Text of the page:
How the hell is it so low!
Is AMD releasing two new speeds at once?
If that is the case, then maybe we got ourselves a budget 1.6A beater, without competing its OCability!
Remember that the price for an Intel P4 system requires expensive RDRAM for optimum performance, and the motherboard costs are often even more, so maybe, just maybe AMD has something finally back in the court!
Is the opportunity to earn money by working, free?
Yeah me too, damn forum problems!
FREEDIIIIII!!! (Fred Flinstone voice)
Push prices down? You gotta kid me man, I mean I am all for price cuts, but if AMD does anymore, I'll start feeling pity! 153$ is so freakin' low, not to mention most sell them below the MSRP, so that's even lower! Get an OEM one and it's even more! If they can safely OC (the new steppings) to 1.9GHZ or maybe 2GHZ, they are definitly 1.6A competitive.
Is the opportunity to earn money by working, free?
I was wondering if your getting both prices off pricewatch. If you are then, notice that they just say P4 1.6 for $129. Clicking the link you would find out its a Willy that is $129(the description says 256k cache). The lowest priced northwood 1.6 is listed at $174.
I think you got your 4 and 7 backwards, I'm now seeing them for $146 + 0.95 shipping, $147. The place advertizing the 512k for $129 either changed their add, removed it, or deleted it after I posted last. Heck, even the 2.0A is going for $167, which is less than $174. Use the keyword 512 instead of the A, my search is "Pentium 4 2.0GHz 512"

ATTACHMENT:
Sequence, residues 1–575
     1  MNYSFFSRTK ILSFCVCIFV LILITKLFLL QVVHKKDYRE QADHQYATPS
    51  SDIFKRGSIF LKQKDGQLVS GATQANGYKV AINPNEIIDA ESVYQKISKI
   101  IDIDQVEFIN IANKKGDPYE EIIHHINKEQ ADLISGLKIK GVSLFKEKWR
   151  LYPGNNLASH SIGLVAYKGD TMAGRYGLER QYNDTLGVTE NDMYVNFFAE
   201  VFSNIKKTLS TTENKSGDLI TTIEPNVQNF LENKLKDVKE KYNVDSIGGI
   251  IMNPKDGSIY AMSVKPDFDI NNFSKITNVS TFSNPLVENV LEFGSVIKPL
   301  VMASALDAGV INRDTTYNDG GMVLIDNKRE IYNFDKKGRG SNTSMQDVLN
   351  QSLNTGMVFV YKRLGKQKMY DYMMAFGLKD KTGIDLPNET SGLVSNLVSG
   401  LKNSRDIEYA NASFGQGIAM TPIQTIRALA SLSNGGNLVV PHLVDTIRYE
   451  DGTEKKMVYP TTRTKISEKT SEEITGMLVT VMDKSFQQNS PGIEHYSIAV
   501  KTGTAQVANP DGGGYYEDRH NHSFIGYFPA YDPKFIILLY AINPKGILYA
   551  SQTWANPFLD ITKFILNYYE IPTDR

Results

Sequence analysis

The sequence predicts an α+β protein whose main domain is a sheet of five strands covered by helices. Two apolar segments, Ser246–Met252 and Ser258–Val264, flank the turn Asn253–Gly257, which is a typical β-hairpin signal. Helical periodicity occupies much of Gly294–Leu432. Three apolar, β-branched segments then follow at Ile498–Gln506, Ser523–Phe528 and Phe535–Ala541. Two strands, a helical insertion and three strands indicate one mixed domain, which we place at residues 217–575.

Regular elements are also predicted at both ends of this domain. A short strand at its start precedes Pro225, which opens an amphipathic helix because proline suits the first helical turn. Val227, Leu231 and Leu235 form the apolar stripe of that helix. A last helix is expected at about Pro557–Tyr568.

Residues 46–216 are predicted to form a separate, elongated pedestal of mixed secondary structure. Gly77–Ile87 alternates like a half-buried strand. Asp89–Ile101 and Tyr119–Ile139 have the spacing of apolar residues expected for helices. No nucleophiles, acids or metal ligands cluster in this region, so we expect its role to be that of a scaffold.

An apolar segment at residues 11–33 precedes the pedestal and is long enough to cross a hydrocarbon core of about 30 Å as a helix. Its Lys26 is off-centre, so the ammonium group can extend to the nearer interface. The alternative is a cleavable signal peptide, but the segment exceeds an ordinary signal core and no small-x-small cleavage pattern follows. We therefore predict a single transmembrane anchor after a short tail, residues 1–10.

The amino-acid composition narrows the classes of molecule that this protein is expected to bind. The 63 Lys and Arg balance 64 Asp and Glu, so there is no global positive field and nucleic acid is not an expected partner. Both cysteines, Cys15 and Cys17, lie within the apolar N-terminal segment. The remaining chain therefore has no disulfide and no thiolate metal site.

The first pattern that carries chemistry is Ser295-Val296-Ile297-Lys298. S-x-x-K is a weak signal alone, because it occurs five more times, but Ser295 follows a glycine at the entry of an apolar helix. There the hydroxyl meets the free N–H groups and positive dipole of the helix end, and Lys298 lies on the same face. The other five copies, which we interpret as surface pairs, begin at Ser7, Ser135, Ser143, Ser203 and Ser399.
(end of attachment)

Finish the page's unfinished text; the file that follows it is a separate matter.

<font color=blue>You're posting in a forum with class. It may be third class, but it's still class!</font color=blue>
Hrm... in the past, such deep price cuts usually were a prelude to a new product... but there doesn't seem to be anything on the AMD radar until September. Now, with the stock market tumbling and taking tech stocks with it, I can't understand AMD's reasoning behind lowering the ASP of their processors. That will really piss the stockholders off... <i>unless</i> they are phasing out the older chips (the 1500 and 1600, namely) and the Palomino's in general, and flooding the market with T-breds (possibly downbinned?) of the 1700s on up. That would make sense, since theoretically the T-breds are cheaper to make, so a cut in price wouldn't cut the margins. Also, AMD may have been saving up all the T-breds that were too slow to make it to the 2200+ range, but too fast to be downbinned to the mobile market, so they have an over-abundance of orphan T-breds lying around, needing a home in a warm 462 socket somewhere. If you go to newegg.com, you'll see that they are having a "Blow Out Special" with "Limited Quanities" on the 2000+ OEMs, possibly in an attempt to clear out the Palominos?